• AnnotatorId This label is reserved exclusively for the user posting the game, when posting on a server-based system ([Mode "ICS"] or [Mode "BBS"]) capable of linking the user to a unique identifier within the server.

    Note that if the Annotator label of the game publisher does not appear, the second Annotator label may contain any annotator or contributor, but the AnnotatorId tag is unique.

  • Example Only for model games, without players. The value will be the identifier of a real game, with players. This identifier can be repeated to reference a set of games that follow the same model, always consecutive. The usual thing will be the reference with the  Model  label, while referencing with the  Example  label is reserved for exceptional cases, which have given rise to the model. Only the modification of the model is a reason to add new instances of the Example label, usually with new variations.

Label for using alternative piece identifiers

Redefine Allows to use alternative identification letters for some pieces, always among the predefined ones. If there is a  PDTL  label,  Redefine  has to be just before it, as it applies also to the  PDTL  label tag value, otherwise  Redefine  will be the last label.

  • [Redefine "A@J, C@N, T@R"] Defines the letter A for the Bishop, instead of J, the letter T for the Rook, instead of R, and C for the Knight, instead of N (Approaches to  Español,  Lingua italiana  or  Català).
  • [Redefine "B@J, Q@D, W@V"] Defines the letter B for the Bishop, instead of J, the letter Q for the Queen, instead of D, and W for the Wyvern, instead of V (Approaches to  English).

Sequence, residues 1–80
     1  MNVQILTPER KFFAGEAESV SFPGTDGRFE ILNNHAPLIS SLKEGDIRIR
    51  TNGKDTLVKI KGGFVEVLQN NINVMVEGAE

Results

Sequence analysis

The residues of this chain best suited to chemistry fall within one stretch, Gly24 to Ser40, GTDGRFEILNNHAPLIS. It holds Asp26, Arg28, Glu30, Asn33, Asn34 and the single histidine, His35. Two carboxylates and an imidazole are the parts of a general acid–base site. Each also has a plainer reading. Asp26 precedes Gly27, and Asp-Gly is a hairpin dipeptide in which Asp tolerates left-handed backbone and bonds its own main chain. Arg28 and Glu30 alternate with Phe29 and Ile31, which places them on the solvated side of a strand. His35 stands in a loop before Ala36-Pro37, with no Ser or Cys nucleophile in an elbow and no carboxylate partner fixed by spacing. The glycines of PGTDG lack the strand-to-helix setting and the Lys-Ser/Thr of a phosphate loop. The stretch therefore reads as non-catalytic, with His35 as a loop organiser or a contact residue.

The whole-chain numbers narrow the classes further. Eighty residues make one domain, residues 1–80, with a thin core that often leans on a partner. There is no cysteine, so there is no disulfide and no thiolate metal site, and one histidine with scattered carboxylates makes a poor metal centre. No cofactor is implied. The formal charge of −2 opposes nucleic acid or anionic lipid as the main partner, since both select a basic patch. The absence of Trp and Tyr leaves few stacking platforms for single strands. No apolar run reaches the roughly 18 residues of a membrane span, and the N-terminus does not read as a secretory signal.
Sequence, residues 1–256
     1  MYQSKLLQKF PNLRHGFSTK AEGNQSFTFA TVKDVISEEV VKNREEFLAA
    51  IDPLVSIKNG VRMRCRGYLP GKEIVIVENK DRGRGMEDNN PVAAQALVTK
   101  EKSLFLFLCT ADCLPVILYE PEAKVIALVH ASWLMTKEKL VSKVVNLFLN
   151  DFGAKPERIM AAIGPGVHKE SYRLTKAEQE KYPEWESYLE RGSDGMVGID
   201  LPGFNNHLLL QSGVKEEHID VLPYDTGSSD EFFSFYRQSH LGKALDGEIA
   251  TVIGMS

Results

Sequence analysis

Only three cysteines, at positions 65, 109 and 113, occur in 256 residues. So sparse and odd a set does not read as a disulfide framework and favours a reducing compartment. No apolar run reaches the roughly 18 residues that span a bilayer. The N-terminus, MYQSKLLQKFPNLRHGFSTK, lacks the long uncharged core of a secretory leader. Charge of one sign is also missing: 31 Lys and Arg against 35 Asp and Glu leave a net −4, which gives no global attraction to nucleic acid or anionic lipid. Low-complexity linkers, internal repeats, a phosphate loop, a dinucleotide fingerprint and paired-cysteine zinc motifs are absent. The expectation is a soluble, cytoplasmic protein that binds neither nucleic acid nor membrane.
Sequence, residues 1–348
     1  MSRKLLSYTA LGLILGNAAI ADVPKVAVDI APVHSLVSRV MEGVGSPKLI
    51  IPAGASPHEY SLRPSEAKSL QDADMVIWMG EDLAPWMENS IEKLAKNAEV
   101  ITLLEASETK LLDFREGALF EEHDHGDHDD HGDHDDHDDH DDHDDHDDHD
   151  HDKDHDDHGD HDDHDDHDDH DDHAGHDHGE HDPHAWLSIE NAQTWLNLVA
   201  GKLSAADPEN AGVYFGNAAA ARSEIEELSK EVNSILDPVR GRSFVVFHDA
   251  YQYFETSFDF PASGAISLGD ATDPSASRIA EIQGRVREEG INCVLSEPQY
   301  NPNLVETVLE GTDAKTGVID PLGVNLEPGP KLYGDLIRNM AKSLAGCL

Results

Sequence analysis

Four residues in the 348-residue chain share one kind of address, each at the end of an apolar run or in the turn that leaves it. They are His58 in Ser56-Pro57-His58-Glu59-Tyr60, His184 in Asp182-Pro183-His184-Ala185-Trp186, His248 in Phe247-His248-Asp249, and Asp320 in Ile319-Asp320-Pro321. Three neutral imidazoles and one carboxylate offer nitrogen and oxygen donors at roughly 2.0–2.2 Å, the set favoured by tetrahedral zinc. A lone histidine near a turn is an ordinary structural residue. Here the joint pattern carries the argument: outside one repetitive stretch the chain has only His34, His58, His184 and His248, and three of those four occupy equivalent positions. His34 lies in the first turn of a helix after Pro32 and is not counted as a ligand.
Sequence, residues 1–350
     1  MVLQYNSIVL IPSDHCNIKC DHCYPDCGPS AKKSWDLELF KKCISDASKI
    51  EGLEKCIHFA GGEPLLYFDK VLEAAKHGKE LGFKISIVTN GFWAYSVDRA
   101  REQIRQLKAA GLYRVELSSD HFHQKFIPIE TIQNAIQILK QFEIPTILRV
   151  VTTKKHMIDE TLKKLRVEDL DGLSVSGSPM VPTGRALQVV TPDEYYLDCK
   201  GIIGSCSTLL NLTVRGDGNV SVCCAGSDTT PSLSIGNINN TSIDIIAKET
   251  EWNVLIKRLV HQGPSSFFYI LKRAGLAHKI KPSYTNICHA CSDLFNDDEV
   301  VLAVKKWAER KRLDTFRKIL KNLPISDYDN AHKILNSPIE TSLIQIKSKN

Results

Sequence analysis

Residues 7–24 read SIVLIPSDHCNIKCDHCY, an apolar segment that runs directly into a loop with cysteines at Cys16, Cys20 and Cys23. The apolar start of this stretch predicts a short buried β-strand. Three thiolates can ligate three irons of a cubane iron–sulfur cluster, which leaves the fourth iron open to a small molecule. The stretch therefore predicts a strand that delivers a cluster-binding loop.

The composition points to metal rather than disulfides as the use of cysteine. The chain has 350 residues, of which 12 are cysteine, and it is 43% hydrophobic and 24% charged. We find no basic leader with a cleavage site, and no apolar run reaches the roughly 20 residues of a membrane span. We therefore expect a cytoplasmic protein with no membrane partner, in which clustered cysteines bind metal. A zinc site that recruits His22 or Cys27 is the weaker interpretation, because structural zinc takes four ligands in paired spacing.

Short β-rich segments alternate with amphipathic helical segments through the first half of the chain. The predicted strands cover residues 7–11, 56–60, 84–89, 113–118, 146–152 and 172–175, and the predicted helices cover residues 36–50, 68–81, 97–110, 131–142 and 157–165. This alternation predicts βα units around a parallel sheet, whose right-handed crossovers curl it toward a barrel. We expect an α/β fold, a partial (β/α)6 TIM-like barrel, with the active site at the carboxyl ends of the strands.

• [Redefine "L@J, S@N, T@R, W@V"] (Approaches to  Deutsche Sprache).
  • [Redefine "F@J, C@N, T@R, W@V"] (Approaches to  Français).
  • [Redefine "FAN"] Use specific Unicode characters for the piece symbols, different for white and black, instead of the identifying letters.

Initial setup label

PDTL Label which allows to indicate the initial state of the board to resume a game, using as tag value a PDTL string. It must be the last label; the  Redefine  label also applies to the PDTL string.

C'escacs initial setup
[PDTL "/28:v/27:dk/26:gjg/25:rnnr/24:pejep/23:ppeepp/22:2pjp2/21:3pp3/20:3p3/8:3P3/7:3PP3/6:2PJP2/5:PPEEPP/4:PEJEP/3:RNNR/2:GJG/1:DK/0:V/ w RKRrkr - 0 1"]
C'escacs initial setup: [Redefine "A@J, T@R", C@N"]
[PDTL "/28:v/27:dk/26:gag/25:tcct/24:peaep/23:ppeepp/22:2pap2/21:3pp3/20:3p3/8:3P3/7:3PP3/6:2PAP2/5:PPEEPP/4:PEAEP/3:TCCT/2:GAG/1:DK/0:V/ w TKTtkt - 0 1"]
C'escacs initial setup: [Redefine "B@J, W@V", Q@D"]